|SPORTS TRIBUNE||Saturday, March 10, 2001, Chandigarh, India|
Abhinav aims for Olympic gold
M. S. Unnikrishnan
Sporting prowess, they say, is genetically inherited. For the genes to develop and flourish, however, nourishment is very essential. Sadly, in a country of India’s continental magnitude, sporting genes wither away at infancy, due to the lack of a collective will to pick and support talent, in the absence of a well-entrenched institutional support system.
Centre has no money to spare for sports
IABF to introduce boxing
at school level
Abhinav aims for Olympic gold
Sporting prowess, they say, is genetically inherited. For the genes to develop and flourish, however, nourishment is very essential.
Sadly, in a country of India’s continental magnitude, sporting genes wither away at infancy, due to the lack of a collective will to pick and support talent, in the absence of a well-entrenched institutional support system.
A country woefully lacking in sporting heroes and icons, the emergence of shooting star Abhinav Bindra has come as a streak of silver lining on the bleak sporting horizon of India.
But even Abhinav Bindra, born with a silver spoon in his mouth, has found the going tough as one can progress only so much, without the backing of government patronage, which stops you just short of your target.
For, to reach the summit, you just cannot afford to plough a lonely furrow. The government, or whichever authority it may be, has to pitch in with its might, for the likes of Bindra to realise their dreams.
The teenaged Abhinav Bindra, who returned home recently after a dream run in the European rifle shooting circuit, has set his sights on an Olympic gold, three years from now. But he just would not be able to reach where he wants, unless the government loosens its purse strings, and comes to his aid.
“I have exhausted all my savings”, said Abhinav’s father, Dr A S Bindra. The senior Bindra, himself a shooter of some pedigree, has borne the brunt of Abhinav’s shooting expenses thus far, but the doting father asserts that his talented son can bloom to his full potential and fulfil his cherished dream of bringing an Olympic gold, only if the government extends timely help, and acts now.
Fortunately for Abhinav and his ilk, the Union Minister for Youth Affairs and Sports, Ms Uma Bharati, is a willing listener who is amenable to reason, and is prepared to circumvent bureaucratic red tape, to provide the maximum possible help from the government’s side, for the smooth preparation of his Olympic odyssey.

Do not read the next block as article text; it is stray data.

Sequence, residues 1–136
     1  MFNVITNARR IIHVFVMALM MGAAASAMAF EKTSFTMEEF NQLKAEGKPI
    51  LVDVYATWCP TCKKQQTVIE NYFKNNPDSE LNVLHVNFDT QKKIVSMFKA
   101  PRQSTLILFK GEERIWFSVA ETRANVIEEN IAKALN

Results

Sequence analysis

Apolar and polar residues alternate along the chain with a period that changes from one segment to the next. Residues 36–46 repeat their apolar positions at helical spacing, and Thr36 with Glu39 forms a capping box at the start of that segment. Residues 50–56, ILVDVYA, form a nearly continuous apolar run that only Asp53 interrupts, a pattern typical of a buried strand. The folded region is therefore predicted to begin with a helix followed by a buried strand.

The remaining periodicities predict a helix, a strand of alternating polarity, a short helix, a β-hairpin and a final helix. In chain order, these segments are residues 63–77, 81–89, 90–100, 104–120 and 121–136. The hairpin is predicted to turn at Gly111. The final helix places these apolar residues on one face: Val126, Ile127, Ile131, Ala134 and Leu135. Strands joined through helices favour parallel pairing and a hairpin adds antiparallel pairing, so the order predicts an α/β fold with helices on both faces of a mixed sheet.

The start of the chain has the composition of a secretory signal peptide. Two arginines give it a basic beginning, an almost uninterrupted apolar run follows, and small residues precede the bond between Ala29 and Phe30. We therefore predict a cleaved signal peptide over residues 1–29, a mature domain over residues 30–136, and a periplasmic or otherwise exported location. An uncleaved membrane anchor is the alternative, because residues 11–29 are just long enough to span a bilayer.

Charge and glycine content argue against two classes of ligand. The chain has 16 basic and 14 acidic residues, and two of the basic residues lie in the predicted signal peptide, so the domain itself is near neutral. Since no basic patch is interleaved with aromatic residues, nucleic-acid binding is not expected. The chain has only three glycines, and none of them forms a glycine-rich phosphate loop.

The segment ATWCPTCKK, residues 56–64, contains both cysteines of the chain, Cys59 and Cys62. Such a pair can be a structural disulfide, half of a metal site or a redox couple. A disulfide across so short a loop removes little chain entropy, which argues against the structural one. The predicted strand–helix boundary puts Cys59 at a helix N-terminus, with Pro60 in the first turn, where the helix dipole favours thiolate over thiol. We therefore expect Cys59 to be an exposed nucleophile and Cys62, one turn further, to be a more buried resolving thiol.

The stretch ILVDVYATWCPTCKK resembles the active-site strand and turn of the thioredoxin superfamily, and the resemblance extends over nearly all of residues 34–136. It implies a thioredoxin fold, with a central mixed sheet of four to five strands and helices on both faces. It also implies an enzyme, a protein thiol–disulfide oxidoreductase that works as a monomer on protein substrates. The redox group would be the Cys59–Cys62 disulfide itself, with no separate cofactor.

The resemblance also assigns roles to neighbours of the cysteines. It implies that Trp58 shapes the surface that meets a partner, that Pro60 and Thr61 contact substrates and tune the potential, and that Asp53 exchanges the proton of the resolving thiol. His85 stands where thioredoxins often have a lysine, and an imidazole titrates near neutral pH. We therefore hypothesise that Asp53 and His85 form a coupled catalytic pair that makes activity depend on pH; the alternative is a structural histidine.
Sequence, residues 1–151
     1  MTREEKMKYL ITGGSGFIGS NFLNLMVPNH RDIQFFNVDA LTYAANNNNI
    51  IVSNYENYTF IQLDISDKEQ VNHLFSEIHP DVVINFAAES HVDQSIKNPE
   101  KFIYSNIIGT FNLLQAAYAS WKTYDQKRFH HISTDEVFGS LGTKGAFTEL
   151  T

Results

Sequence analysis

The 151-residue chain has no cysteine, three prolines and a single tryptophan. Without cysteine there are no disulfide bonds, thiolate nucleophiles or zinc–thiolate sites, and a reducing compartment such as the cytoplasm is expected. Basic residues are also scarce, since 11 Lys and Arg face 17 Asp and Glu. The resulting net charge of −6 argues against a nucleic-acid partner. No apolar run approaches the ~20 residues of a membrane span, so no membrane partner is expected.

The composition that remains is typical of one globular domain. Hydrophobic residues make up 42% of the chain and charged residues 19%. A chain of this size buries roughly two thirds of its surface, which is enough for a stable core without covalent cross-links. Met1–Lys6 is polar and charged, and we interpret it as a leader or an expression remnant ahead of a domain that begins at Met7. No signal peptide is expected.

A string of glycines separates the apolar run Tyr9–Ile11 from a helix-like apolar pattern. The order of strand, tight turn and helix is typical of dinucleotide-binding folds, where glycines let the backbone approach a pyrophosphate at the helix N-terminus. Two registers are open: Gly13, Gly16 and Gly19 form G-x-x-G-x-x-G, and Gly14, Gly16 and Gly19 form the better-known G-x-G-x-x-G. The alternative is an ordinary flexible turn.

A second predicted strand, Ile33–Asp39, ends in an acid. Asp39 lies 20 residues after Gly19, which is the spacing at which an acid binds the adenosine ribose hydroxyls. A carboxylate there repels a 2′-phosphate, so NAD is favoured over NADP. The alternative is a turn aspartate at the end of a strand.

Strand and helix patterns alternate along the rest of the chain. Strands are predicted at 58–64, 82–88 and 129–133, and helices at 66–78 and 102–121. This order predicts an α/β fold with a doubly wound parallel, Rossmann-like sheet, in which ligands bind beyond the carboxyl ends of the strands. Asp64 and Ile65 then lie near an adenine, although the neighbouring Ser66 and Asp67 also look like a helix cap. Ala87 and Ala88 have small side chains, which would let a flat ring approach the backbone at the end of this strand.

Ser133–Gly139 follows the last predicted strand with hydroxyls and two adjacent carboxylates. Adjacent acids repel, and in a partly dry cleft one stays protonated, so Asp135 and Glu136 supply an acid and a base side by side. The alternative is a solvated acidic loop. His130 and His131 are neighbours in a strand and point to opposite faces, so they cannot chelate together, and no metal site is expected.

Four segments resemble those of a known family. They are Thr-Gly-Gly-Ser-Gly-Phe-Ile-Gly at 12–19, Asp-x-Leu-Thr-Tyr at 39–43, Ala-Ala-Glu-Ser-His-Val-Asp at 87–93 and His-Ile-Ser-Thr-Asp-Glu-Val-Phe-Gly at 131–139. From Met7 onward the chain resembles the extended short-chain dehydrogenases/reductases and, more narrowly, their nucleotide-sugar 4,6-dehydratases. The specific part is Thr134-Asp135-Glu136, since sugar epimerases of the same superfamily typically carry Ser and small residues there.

Abhinav shot six gold, four silver and two bronze medals during the European circuit tour to be adjudged the “overall European champion and the first shooter ever to have bagged so many medals in one circuit”. But without belittling Abhinav’s feat, it must be noted that the European circuit did not have any championship event, and his real test will come only when he competes in meets like the Asian Games, the World Championships and the Olympic Games, where the stakes are high.
But the European circuit helped Abhinav establish himself as a shooter of world standard, who needs a little more of polishing before he hits the big league, and the bull’s eye. Abhinav has submitted a Rs 1 crore package to the Union Sports Minister, and the Minister’s reaction has been sympathetic and supportive, though the government has its own constraints when it comes to funds, and that too if it has to expend so much on just one player, howsoever talented he may be.
Abhinav’s foremost demand is to have a foreign coach of his choice. Foreign coaches, as a tribe, come with a huge price tag, and the coach Abhinav wants to engage is even costlier. Renkel Meir of Germany, one of the best shooting coaches—the best, perhaps—charges a cool $ 400 per day, which is a huge sum, even by European standards. But Abhinav does not want to settle for anything less, and is prepared to go to any extent to train under him, though the Government rules do not permit a salary of more that $ 190 per day to a foreign coach.
Ms Bharati has reacted favourably to Abhinav’s suggestion, as even the government is willing to go the wholehog to get that elusive Olympic gold, whatever may be the cost. She “believes” that Abhinav is “going to bring an Olympic gold”.